4.5 Million Miles and Counting

| April 07, 2005

His daughter Kathi is the only one of his five children who enjoys trucks. “She should be my trucker, but she’s not,” Dieu says. She is a variety manager for Safeway. Dieu’s two sons are log cutters, one of his daughters works at a school and his third daughter works in real estate.

Dieu says if he had his life choices to make again, he would have stuck to hauling logs, so he could have been home more with his family. “My biggest problem is when I get home for a couple days, and then I don’t want to leave,” he says.

Sometimes it has been difficult being the wife of a long-haul trucker, Patsy says. “You go to plan on something, and the company would call and say, ‘This load needs to be hauled.’”

Once, Dieu had to cancel plans because he had to haul a load. His wife got angry. In fact she was furious. She started trimming the hedge in the backyard and got a little overzealous. “I took my frustration out on it,” Patsy Dieu says. “It was better than tearing the house down, I guess.” When a stunned Dieu came home, all he could say was, “What in the Sam Hill did you do to the hedge?”

But trucking also has its perks. One year around Christmas, Dieu called and asked his wife if she had found a Christmas tree yet. She had, but he told her to throw it out. He came home with a Christmas tree from Pennsylvania. “It was beautiful,” Patsy says. Then Dieu got a call from the company and had to leave. He was gone for Christmas, but the family left the tree up and the presents underneath until he arrived after New Year’s Day. “We didn’t want to have Christmas without him,” his wife says.

Patsy and the children have adapted to being a trucker’s family. “They’ve never known anything else,” she says. “They grew up with their dad on the road, and that’s just the way it’s been.” When Dieu would come home, the family would all join in washing and polishing his truck.

His five children all graduated high school and have good jobs, and Patsy credits her husband’s good influence. “They have a very good work ethic, and I think that comes from their father,” she says. “He’s been so reliable.”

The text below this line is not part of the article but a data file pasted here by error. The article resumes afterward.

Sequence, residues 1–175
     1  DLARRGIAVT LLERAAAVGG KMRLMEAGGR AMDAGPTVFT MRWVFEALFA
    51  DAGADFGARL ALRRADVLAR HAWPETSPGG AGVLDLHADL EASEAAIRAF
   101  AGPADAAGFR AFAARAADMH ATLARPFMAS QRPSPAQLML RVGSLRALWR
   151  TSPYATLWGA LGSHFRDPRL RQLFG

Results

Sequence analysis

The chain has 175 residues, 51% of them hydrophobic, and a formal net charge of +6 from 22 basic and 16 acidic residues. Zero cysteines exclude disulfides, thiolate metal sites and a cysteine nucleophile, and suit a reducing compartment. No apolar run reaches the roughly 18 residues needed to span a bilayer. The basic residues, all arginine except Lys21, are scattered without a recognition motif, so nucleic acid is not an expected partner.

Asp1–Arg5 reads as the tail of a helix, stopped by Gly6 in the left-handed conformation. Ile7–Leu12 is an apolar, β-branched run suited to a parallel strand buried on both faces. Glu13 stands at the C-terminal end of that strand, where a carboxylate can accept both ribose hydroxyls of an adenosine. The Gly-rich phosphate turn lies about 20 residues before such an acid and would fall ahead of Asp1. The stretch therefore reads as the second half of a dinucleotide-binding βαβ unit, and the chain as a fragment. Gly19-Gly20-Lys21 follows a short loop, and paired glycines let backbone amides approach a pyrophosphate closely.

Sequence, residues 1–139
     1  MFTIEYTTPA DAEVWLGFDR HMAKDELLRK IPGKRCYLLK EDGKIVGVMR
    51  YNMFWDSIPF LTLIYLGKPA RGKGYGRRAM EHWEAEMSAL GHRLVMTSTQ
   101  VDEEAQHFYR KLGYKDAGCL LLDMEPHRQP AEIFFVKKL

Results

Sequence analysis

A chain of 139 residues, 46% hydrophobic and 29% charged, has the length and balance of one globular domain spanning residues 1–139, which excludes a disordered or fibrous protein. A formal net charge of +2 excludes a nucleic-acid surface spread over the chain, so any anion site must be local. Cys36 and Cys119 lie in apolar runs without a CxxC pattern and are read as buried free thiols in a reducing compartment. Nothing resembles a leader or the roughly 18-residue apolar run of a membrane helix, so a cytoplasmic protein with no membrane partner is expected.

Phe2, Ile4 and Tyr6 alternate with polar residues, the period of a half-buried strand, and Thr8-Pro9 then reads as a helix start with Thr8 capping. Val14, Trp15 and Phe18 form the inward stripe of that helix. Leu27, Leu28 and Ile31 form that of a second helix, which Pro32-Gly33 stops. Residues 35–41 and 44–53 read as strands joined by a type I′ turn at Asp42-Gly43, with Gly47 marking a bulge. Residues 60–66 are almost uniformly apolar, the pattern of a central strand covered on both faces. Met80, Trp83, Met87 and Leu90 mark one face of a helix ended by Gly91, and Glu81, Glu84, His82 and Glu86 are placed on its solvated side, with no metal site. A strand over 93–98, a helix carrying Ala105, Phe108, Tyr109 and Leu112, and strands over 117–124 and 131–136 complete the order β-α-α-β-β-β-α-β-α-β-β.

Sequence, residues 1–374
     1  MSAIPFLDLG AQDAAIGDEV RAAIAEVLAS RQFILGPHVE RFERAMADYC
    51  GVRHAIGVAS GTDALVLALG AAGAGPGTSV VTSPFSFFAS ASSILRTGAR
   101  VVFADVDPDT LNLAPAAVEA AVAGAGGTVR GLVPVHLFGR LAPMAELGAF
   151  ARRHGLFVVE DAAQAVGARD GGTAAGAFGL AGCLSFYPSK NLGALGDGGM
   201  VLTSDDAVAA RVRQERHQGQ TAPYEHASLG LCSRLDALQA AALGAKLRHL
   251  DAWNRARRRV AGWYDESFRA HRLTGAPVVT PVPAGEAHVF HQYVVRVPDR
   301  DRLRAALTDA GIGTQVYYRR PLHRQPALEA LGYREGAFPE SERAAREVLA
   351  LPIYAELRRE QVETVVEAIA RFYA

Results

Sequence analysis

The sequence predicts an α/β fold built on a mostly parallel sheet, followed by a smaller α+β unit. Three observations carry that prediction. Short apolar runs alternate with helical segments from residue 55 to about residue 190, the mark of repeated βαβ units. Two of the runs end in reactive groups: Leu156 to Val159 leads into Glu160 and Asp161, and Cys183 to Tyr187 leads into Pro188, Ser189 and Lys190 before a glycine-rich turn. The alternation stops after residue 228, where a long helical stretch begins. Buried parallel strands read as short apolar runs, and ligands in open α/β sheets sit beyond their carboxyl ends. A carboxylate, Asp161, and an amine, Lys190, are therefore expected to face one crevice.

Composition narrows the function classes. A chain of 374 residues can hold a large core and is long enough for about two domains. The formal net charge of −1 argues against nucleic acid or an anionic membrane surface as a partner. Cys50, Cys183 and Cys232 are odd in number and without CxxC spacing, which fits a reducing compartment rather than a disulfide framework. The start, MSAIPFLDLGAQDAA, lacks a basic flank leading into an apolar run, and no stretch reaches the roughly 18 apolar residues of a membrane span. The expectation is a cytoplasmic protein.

Patsy also praises her husband’s employers for making the trucking life easier when he’s on the road. “He’s worked for some great people,” she says. This is particularly true of the dispatchers. When Patsy needs to get in touch with her husband for something important, she knows the dispatchers will let him know as quickly as possible. Dispatchers helped Dieu be present for the births of almost all of his 12 grandchildren, including a set of twins.
In spite of a few tough times – like missing some of his children’s sporting events and trying to make it over the mountains when it’s snowing – Dieu is happy in his career. “I just enjoy trucking,” he says, “so whatever happens, happens.”

His favorite thing about trucking is seeing the country. With GP, he went through 45 states. “You’re not doing the same thing every day,” Dieu says. “Time goes by quickly.”
Dieu says he had intended to retire when he turns 65. But with only two years to go and a goal of 5 million career miles, he isn’t sure he will give up trucking so soon. “I’m still having fun,” he says. “I still enjoy my work.”


Just an Old-Fashioned Hero

George Dieu has shown willingness on more than one occasion to help those in a crisis.
On a run in California, a minivan in front of him stopped and picked up a young woman and her little girl, who were hitchhiking. Dieu drove behind them, and when the van stopped at a light, the woman flew out the back doors and rolled onto the pavement.

“Thankfully, I managed to stop before coming near her,” Dieu says. “They had just rocked the road, and she was all torn up.” He and another trucker stopped to help the woman. She said the men in the van had tried to rape her and she had jumped out to escape.

Dieu had taken down the van’s license plate number, so police were able to track it down quickly and rescue the woman’s daughter.

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